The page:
Part of what makes tours and safaris in Africa an exciting adventure are the different modes of travel which are included in many of our safari itineraries. So, a travel plan might include a fly-in, privately guided safari, a self-drive segment, a day tour and a couple of connecting flights. Browse the links below for details on the different types of safari travel in Africa…


Fly In Safaris

Fly In Safaris are ideal for covering distances quickly! Our fly in safaris include South Africa’s Kruger Park, the Okavango Delta in Botswana, Zambia’s South Luangwa Valley plus many other superb destinations.



Self Drive Tours

Self Drive Tours we offer include South Africa, Swaziland and Namibia where roads and infrastructure make driving yourself easy. Botswana is also a self drive option however previous African travel experience and some four wheel drive know-how are necessary.


Scheduled Group Tours

Scheduled Group Tours are perfect for solo travelers who wish to tour with other people. Group sizes range from 6 to about 15 people and, with an expert guide to lead the way, scheduled group tours are a fun and value-for-money way of exploring Southern Africa.


Private Guided Safaris

Private Guided Safaris with African Travel Gateway are tailor-made, escorted tours exclusively for you and your group. We ensure you are taken care of from the minute you set foot in Africa to your departure.

Hotels - Hotels in Southern and East Africa are basically what you’d expect in any other part of the world. Typically they are star rated, but the criteria upon which the star rating is based does vary from country to country within Africa. So a 5 star hotel in say Kenya will not be the same as a 5 star hotel in South Africa.

Lodges - The word lodge is very loosely used in the industry, for example: ‘Game Lodge’ or ‘Safari Lodge’ or simply ‘Lodge’. In general it refers to a meaning a medium to large sized hotel located in a game reserve where you’d base your self and take guided safaris from. The word is however sometimes applied to hotels located in an urban enviroment, that in terms of style and decor emulates that of a game lodge, but in fact offers no safari experience whatsoever.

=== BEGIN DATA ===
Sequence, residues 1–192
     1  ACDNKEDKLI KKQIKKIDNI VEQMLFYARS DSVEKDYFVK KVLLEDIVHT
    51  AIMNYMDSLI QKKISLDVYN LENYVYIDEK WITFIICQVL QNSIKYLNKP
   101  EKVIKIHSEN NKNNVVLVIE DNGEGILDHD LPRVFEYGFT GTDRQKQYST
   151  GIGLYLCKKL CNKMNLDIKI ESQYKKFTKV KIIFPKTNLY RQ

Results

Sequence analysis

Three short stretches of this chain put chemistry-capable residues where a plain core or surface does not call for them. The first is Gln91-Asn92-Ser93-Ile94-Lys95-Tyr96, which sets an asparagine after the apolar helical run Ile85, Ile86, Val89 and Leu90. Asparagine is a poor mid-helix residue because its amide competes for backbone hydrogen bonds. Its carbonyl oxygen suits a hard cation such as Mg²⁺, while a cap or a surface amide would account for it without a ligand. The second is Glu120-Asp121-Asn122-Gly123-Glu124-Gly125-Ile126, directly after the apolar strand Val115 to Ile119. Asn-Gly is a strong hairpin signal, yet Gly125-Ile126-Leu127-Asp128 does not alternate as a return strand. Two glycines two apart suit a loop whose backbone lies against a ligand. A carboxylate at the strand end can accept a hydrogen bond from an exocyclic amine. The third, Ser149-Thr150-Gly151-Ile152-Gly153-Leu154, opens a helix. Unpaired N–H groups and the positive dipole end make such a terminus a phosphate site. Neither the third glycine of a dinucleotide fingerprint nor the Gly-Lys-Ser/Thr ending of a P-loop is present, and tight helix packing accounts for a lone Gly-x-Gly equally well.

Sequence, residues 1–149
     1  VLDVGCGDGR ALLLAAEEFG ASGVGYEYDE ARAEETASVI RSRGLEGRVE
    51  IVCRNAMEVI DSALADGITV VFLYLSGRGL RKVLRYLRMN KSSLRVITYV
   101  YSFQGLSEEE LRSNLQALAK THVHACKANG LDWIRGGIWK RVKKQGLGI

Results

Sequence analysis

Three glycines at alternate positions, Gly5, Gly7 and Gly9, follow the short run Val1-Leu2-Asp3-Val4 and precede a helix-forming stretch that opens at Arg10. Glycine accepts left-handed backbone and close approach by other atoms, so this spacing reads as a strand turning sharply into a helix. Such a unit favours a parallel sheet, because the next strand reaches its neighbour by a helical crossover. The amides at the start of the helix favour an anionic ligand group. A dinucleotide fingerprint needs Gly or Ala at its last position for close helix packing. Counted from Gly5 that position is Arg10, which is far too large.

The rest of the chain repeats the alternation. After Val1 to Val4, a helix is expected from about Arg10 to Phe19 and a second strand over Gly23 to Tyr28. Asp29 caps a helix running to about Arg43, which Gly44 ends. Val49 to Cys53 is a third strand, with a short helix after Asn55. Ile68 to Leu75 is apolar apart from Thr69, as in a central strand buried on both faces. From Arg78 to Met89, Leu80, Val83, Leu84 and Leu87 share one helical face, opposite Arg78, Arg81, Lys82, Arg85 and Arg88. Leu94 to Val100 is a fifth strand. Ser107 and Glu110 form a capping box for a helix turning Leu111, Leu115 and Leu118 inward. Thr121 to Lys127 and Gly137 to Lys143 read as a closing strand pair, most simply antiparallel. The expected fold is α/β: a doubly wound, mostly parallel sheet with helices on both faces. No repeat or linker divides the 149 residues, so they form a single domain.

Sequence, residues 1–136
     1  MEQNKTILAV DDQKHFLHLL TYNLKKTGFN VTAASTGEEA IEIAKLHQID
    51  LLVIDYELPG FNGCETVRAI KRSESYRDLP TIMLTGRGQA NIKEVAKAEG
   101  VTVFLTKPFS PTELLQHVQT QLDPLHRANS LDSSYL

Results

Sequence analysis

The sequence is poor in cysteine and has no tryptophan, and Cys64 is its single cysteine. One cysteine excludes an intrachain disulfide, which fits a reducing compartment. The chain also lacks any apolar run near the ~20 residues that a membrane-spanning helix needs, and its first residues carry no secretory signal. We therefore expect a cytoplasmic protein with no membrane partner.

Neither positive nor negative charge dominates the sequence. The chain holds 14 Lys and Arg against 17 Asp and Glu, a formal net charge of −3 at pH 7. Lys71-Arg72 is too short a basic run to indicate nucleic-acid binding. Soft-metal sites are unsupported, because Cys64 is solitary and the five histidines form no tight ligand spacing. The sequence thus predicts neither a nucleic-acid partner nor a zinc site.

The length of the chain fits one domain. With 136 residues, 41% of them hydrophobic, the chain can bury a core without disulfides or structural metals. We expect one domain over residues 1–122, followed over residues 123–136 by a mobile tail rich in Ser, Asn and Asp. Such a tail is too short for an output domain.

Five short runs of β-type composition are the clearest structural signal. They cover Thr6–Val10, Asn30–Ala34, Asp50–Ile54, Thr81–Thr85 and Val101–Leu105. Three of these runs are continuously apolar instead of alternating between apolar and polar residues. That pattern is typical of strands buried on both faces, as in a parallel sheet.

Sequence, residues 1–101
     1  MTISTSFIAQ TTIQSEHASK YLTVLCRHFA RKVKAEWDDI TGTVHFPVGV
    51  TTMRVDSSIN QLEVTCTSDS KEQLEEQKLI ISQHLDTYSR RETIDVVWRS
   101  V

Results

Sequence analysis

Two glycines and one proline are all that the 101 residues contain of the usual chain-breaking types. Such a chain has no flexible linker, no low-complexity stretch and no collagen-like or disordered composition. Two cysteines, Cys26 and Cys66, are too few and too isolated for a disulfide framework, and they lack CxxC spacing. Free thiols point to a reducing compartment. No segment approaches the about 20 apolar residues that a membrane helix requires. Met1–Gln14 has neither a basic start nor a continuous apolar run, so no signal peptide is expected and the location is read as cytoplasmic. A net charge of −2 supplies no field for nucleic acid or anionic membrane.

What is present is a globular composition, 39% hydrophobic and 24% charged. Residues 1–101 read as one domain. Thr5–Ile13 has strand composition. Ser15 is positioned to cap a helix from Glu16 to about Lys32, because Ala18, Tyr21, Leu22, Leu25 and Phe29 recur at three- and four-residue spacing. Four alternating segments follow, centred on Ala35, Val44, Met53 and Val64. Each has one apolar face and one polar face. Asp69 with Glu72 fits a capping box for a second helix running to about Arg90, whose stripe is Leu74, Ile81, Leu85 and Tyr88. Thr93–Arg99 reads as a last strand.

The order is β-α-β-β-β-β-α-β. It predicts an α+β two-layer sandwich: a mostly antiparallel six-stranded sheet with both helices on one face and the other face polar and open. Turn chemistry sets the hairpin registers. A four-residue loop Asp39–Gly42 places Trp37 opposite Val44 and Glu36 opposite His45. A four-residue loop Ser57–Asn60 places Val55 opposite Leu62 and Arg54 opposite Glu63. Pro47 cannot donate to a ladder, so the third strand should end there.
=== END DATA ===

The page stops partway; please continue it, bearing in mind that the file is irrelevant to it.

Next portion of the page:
Safari Camps - This almost always refers to a camp (typically tented) in a game reserve or safari area. These camps nearly all of the time include two guided game drives daily, as well as all meals.

Tented Safari Camps - These are are loosely referred to safari camps, but in Southern and East Africa, they are almost always made up of a large walk in style Meru tents, with space enough for two beds, a cupboard and sometimes a couch of sorts. Invariably they are adjoined on one end my an en-suite bathroom complete with hot & cold running water, flush toilets and a shower and/or bath, and many have a private wooden deck for a verandah overlooking either the bush or a waterhole. They are completely waterproof, very comfortable, many in fact have some form of electricity laid on, and they are 100 % safe to be in. In fact they enhance a safari experience significantly since the canvas walls allow in many more night sounds, as would a conventional brick building.

Guest Houses - Guest Houses are located in the towns and cities and very often in the country side as well. Guest Houses are very often large houses, mansions sometimes, that at sometime in the past was someones home, but has now been converted in a guest house. All the rooms will be en-suite and quite often individually decorated. Guest House are smaller and more intimate than your average hotel, and guests staying at a guest house will find themselves coming into contact with other travelers as well as the management which is quite often the owners themselves. In contrast to hotels, guest houses are the more affordable option for accommodations, certainly in the cities and towns.

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